Contents Under Pressure



I rarely use this to just blog. I’m going to just blog now, so you can all just ignore this if it’s not to your liking.

Warning. Contents under pressure.

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read this. Greg Rucka rules. 

I usually don’t talk about this sort if thing. In fact whenever I see people talk about it I’m taken aback, because I’m always amazed it exists.
It’s just not something I see. I suppose I should be grateful.
But sometimes I need to face the facts that I’m not living in a fantasy world where prejudice and hate don’t exist.

I’m pretty aware that I’ve had a sheltered life. I didn’t realize bullies where real until I was twelve or something. Sure, I heard about bullies, but always in a “don’t be a bully” preemptive strike kind of way, so I just assumed it was something that wasn’t around anymore, and all the talks were preventative.

Sorry, that was a bit of a tangent, but yeah, I’m always surprised when I see stuff that calls out hate. I look at those posts with confusion and “yeah, everyone already knows that that’s a dick thing to do” in my mind. And sometimes I need to take a step back and realize that that isn’t always the case.

This article does that. This article never had me question it’s legitimacy. This is how you make a good point about where we still are, and how we aren’t as far along as we like to think.

"you know how people say that game of thrones is really good? I downloaded it, and like. apparently they are right?"

— My Older Brother

Knytt Underground has been on my radar since it was announced. Finally got around to picking it up in a bundlestars deal.
In short the game is about exploring a vast landscape, picking up little quests, and overcoming action puzzles to get items and stuff.
Essentially, it’s one of those “the point of the game is to see everything in the game” games.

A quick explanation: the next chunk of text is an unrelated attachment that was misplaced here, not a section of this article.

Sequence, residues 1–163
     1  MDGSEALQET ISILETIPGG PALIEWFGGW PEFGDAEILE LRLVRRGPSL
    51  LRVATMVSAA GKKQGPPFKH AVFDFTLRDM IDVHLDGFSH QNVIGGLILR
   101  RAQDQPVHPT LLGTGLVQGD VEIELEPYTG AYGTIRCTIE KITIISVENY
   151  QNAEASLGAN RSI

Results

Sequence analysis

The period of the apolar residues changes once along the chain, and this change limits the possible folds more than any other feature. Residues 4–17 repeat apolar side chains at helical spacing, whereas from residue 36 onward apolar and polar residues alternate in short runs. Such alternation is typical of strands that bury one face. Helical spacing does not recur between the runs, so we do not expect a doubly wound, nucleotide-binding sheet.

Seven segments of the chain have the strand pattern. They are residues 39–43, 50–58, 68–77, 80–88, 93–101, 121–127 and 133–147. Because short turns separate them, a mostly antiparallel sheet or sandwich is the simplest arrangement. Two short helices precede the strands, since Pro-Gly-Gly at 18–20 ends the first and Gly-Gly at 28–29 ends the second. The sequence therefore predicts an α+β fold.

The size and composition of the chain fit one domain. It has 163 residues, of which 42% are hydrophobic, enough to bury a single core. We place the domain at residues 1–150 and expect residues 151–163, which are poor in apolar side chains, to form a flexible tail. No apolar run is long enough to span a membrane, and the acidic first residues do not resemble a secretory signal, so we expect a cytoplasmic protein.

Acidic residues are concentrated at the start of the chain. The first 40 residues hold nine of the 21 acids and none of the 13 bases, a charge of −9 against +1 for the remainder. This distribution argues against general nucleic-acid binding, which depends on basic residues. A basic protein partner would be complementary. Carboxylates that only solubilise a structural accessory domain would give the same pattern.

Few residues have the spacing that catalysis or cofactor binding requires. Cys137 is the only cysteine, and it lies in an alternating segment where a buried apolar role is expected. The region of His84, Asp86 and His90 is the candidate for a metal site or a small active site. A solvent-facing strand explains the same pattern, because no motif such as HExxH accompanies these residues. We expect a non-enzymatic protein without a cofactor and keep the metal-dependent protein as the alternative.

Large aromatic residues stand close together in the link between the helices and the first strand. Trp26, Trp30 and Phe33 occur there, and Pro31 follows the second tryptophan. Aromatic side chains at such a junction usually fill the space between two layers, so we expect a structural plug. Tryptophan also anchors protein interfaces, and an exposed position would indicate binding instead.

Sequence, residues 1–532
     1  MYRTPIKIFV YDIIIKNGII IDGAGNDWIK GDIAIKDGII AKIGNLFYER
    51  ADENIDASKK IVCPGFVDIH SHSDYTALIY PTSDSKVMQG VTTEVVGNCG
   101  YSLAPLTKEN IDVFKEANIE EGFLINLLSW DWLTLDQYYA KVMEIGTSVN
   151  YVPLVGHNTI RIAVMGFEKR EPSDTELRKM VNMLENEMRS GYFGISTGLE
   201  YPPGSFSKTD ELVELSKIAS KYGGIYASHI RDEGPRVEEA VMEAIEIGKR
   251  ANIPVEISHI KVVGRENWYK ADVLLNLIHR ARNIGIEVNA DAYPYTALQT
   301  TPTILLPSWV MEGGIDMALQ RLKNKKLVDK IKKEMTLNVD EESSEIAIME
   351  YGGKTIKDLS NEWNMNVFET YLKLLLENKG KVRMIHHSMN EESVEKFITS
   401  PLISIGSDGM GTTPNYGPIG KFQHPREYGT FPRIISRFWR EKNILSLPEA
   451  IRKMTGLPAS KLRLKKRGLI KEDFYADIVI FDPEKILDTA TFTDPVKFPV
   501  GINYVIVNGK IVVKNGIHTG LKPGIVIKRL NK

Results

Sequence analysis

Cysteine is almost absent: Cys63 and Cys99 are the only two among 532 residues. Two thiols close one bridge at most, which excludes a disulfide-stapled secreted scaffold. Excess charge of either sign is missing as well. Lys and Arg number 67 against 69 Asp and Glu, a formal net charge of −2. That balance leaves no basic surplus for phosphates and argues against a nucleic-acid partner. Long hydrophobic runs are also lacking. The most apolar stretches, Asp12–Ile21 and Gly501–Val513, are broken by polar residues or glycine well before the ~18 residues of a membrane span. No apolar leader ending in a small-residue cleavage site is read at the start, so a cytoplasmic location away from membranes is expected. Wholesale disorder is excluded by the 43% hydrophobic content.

So, straight gameplay is fantastic. Running around, beating little puzzles. You never even gain new powers as the game progresses. I really expected it to include a lot of “you can’t go here until you beat the quest that gives you the power to go here” stuff. And it doesn’t! You have everything you need at the beginning (ish) of the game, and it’s just about using them in the right ways.
Since the straight gameplay is pretty straightforward, let’s skip forward to story and stuff.
What this game does so well is it’s non-linear story. This is the least linear game I’ve ever seen, save for sandbox games that just don’t have a story to, solve this problem. Since the main focus is on exploration, you could go in any direction, at any given time, and encounter any quest in any order.
And yet whenever a quest triggers story dialogue people tend to talk about things that, I’m pretty sure I could have easily not done at the time. The flow of ideas from one part of the game to the next is masterfully done, and I’d love to see how it’s actually put into the game itself.
The game also offers a lot of, let’s call them inside-jokes. Most of Nifflas’ big games exist in a shared world. This game, of course, exists in the same world as Knytt, and Knytt Stories, but also Within a Deep Forest.
Personally, I haven’t played Knytt Stories, but am excited to tackle it next, to see the connections.
Within a Deep Forest is my main experience in his works, and every time I see something that ties the games together I just smile. This is good because, as I’ve mentioned quite a few times already, this game is about exploration. There could be no quests, just challenges in rooms, and it’d still be a very enjoyable game. Your reward would simply be overcoming challenges, and seeing the new areas. That’s one thing the game does really well, the settings never feel ‘same-y’.
So. Knytt is this great exploration game. Through this is weaves a very well done, non-linear narrative. Throughout it you discover more about the characters, and it’s generally well written. I love character driven narratives so that works very well for me. That said apart from simply discovering the characters’ histories there’s the overall plot.
The game is very transparent about the A Plot actually just being a macguffin. it’s pretty cool seeing the characters debate whether or not there’s any point to it. What it really does is give us a reason why the game is showing this day-in-the-life, opposed to any other.